Stubble burning: Farmers Can Generate Hydrogen For EVs

Agricultural waste, which faces a great challenge for disposal, could be one of the sources of hydrogen production, and this could solve the dual problem of energy generation and waste disposal.

Planet Outlook
October 01, 2021
Stubble burning: Farmers Can Generate Hydrogen For EVs

With the countdown to the monsoon withdrawal officially started, apprehension of bad air quality days has started. And, amongst the many sources that cause pollution is 'parali' (stubble burning) by farmers in Punjab and Haryana.

Now, the farmers can look forward to not just earning from this agri-waste but also help in the generation of hydrogen.

Researchers from Pune have developed a unique technology for direct generation of Hydrogen from agricultural residue. This innovation can promote eco-friendly hydrogen fuel-cell electric vehicles by overcoming the challenge of hydrogen availability.

Of the several steps that India has promised the world community as part of its Nationally Determined Contributions (NDCs), the action to be taken to limit carbon emissions to restrict global temperature rise, India has set a target of 450 GW of renewable energy by 2030.

Researchers all over are working towards renewable energy solutions which should be sustainable with a limited carbon footprint. One of the most economical ways to achieve this is to produce hydrogen from a cheap, abundant, and renewable source.

Agricultural waste, which faces a great challenge for disposal, could be one of the sources of hydrogen production, and this could solve the dual problem of energy generation and waste disposal.

A team of researchers from Agharkar Research Institute (ARI), Pune, an autonomous institute of the Department of Science and Technology (DST), government of India, in collaboration with Sentient Labs of KPIT Technologies, have developed the technology at lab-scale to extract hydrogen from agricultural residues.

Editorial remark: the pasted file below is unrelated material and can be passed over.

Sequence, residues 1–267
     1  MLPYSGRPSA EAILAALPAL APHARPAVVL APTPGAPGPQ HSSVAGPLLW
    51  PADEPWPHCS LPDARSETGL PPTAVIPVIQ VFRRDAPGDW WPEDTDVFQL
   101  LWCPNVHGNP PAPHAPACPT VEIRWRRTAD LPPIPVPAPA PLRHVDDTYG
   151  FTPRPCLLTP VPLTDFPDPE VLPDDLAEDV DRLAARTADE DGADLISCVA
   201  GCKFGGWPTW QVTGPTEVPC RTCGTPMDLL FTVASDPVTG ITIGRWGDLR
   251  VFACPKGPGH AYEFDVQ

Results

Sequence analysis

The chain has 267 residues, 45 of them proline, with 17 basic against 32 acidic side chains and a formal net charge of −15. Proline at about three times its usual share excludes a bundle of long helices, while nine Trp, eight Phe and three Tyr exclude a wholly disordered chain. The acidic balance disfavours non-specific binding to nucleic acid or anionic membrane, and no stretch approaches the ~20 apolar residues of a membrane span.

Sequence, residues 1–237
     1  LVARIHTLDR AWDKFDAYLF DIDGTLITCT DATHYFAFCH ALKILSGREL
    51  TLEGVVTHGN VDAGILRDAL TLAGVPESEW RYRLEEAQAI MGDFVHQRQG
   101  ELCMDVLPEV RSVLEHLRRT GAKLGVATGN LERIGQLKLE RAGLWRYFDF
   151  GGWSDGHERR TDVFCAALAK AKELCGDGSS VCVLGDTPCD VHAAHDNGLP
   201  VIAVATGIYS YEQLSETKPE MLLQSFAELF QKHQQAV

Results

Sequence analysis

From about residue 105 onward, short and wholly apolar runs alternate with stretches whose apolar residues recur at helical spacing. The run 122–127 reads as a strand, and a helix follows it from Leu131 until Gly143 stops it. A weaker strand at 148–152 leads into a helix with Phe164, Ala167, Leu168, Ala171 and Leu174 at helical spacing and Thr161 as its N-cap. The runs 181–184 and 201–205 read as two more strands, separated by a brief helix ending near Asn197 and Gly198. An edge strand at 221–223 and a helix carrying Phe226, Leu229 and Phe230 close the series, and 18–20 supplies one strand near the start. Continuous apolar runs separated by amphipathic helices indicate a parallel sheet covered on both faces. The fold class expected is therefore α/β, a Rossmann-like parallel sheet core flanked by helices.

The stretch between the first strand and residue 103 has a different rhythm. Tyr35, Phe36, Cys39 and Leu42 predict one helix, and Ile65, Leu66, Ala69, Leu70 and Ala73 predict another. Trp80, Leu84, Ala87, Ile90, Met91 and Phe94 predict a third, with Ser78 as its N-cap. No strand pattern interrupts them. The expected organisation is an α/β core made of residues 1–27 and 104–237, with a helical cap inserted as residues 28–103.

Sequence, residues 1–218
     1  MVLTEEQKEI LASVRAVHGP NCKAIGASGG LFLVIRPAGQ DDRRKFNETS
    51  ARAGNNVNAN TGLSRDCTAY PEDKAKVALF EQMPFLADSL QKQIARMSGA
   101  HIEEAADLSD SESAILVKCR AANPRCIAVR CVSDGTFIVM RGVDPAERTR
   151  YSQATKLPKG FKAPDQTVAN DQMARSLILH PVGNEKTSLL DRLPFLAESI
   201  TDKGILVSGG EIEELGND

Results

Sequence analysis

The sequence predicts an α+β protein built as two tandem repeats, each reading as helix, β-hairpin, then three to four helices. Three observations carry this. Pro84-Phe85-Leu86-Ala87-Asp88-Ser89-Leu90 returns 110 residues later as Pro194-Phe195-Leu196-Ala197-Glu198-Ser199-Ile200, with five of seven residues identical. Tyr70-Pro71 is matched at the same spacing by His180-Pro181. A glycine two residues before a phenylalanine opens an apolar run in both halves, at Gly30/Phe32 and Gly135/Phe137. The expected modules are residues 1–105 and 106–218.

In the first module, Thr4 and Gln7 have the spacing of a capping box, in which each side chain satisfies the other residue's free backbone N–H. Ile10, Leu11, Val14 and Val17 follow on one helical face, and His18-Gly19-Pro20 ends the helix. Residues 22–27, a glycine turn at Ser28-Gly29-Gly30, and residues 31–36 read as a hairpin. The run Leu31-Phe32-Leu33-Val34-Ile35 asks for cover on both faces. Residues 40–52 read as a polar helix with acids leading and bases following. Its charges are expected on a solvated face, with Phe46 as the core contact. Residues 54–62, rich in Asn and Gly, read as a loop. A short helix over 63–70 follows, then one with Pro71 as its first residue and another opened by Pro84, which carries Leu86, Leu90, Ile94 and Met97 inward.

"Our technology is 25 per cent more efficient as compared to conventional anaerobic digestion processes used today. The two-stage process eliminates the pre-treatment of biomass, thus making the process economical and environment friendly. This process generates a digestate that is rich in nutrients, which can be used as an organic fertilizer," said Director of the ARI, Dr Prashant Dhakephalkar.

The developers of the technology explained that the hydrogen fuel generation process comprises the use of a specially developed microbial consortium that facilitates biodegradation of cellulose- and hemicellulose-rich agricultural residues, such as biomass of paddy, wheat, or maize, without thermo-chemical or enzymatic pre-treatment. "The process generates Hydrogen in the first stage and Methane in the second. The methane generated in the process can also be used to generate additional hydrogen," the developers added.

"This breakthrough of generating hydrogen from unutilised agricultural residue will help us to become self-reliant on energy resources. It will also add a major stream of revenue to the farmer community," chairman, Sentient Labs, Ravi Pandit said.

Scientists, Dr S.S. Dagar and Pranav Kshirsagar from Maharashtra Association for Cultivation of Science (MACS-ARI) and Kaustubh Pathak from KPIT-Sentient, contributed significantly towards the development of the process, a release from the Ministry of Science & Technology said on Thursday, adding, an Indian Patent application has been filed to protect the IPR.


--IANS